Practical Implications for Directors
Despite the absence as of yet of any case law that precisely defines the scope of directors' duties or helps directors determine the scope and extent of the above-mentioned obligations, the recent changes in legislation clearly indicate that French directors will have to play an increasingly important role in taking environmental issues into account. This role particularly concerns the company’s contribution to climate change. In this regard, our practical recommendations are as follows:
- Review and, where required, adapt vigilance plan, if applicable;
- Review and governance to ensure appropriate leadership at board level in relation to climate-related risks, including any adverse impacts the company may have through its activities and products, and any legal risks the company may face in this respect;
- Designate the department(s) that is/are responsible for monitoring, and providing ongoing advice in relation to, the ever-expanding body of laws and regulations related to climate risk management in France and abroad;
- Delegate climate risk identification and evaluation to a clearly-identified management team that reports directly to the CEO and board, and is responsible for bringing together all key functions, including the legal and/or compliance function, enterprise risk management, strategic planning, audit, remuneration, human resources, investor relations, stakeholder relations, etc.;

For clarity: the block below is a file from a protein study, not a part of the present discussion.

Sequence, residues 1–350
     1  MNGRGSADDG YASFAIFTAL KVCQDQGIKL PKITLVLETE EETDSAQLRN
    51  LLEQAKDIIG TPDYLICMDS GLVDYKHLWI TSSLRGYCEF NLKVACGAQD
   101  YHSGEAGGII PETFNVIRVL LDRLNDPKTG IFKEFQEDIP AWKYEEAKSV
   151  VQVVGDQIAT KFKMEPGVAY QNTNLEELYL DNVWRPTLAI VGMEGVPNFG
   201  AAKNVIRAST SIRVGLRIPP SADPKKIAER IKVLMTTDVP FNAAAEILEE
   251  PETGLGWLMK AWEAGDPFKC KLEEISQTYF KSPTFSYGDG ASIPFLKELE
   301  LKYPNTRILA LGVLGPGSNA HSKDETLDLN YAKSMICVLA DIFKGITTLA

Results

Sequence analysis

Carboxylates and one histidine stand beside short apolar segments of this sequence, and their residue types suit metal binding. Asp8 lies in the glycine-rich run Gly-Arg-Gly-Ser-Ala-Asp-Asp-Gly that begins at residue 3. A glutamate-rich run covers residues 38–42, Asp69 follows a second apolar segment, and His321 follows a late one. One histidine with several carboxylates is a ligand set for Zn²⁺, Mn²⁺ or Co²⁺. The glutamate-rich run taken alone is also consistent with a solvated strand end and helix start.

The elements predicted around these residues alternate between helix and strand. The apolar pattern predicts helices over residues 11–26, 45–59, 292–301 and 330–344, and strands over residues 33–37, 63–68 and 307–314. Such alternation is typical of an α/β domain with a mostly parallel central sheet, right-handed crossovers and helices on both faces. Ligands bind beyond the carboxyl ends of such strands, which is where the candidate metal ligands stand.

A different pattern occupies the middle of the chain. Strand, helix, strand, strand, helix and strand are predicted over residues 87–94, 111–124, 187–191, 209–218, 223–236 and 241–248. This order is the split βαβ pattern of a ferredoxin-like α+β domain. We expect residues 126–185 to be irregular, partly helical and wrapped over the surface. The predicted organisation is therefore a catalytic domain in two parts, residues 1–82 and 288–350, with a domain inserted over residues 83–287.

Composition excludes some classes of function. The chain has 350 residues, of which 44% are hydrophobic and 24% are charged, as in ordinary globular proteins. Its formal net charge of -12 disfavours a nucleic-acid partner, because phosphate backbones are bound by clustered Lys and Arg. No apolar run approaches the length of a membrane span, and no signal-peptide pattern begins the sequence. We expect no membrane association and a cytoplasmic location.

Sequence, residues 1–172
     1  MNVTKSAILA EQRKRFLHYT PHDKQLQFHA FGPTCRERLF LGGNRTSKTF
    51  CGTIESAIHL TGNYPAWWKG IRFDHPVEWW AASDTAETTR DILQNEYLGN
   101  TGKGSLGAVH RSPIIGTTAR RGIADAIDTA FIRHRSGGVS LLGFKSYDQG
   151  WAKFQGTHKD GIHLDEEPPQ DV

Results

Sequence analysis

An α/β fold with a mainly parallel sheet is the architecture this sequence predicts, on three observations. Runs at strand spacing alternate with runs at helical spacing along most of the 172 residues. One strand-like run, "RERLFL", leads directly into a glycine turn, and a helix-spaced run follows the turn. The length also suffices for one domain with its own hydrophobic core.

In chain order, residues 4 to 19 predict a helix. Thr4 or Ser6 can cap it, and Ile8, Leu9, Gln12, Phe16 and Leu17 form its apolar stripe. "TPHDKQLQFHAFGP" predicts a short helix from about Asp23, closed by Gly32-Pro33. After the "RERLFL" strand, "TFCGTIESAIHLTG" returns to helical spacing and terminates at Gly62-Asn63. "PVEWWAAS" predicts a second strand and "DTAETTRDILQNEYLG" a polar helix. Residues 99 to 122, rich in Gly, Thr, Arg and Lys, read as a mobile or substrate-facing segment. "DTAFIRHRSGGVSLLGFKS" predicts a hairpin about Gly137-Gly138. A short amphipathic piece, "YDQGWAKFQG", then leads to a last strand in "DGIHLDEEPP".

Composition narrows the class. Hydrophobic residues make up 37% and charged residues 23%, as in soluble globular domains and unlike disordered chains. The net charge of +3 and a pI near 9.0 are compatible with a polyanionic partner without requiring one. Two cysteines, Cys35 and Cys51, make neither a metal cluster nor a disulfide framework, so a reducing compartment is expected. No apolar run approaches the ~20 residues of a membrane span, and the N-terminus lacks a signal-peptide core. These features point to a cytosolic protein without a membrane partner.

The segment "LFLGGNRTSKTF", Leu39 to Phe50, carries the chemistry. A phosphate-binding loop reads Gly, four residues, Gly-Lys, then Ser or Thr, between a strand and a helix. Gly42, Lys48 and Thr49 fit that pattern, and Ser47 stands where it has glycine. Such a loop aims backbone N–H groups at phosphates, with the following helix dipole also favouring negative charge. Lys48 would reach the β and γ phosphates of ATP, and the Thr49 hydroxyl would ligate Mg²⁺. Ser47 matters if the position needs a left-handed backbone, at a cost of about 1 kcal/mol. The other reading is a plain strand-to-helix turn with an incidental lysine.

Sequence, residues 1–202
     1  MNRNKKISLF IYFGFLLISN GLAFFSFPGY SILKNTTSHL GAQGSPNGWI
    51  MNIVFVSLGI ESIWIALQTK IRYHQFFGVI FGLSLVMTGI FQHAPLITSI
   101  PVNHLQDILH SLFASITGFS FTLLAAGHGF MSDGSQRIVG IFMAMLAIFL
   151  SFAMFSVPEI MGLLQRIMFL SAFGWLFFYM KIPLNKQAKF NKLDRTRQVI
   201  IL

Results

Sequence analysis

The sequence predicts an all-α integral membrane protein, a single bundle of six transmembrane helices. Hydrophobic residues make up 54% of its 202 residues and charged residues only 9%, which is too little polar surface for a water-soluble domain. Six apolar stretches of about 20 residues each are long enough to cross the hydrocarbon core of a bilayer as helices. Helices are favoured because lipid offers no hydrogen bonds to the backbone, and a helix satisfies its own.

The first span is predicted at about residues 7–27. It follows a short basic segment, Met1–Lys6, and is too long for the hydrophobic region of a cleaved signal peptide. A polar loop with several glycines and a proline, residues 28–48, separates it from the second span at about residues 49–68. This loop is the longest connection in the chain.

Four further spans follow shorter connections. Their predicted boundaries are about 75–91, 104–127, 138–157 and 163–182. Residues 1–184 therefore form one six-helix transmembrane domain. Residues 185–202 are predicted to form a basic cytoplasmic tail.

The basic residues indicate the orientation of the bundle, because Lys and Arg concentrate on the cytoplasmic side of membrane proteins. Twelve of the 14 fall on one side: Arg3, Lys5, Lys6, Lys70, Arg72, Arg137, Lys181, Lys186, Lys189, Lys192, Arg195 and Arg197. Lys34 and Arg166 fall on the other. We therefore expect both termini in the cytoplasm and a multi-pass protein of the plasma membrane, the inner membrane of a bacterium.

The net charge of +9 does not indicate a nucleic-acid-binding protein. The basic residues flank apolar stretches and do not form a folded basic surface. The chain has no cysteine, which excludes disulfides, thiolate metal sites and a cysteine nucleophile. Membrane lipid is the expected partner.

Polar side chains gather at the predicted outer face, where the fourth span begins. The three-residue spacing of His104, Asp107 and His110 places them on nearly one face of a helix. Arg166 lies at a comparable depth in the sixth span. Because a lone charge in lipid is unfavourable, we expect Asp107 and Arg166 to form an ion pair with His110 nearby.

- Review and, where required, adapt climate-related risk management policies and processes across the company's supply chain and distribution network, including affiliates, third parties, and, more generally, stakeholders, on the basis of a solid risk assessment. In this regard, broaden and deepen the company's due diligence framework for third-party intermediaries to address climate-related risk factors;
- Review and, where required, adapt reporting on climate-related risk factors and the measures taken to address these risks, in line with the French Commercial Code. Introduce internal assurance processes in relation to reporting; and
- Hold discussions with a PR advisor, in order to develop an external engagement and communications plan.
- Guillaume Nataf, BakerMcKenzie France
- Clotilde Guyot-Réchard, BakerMcKenzie France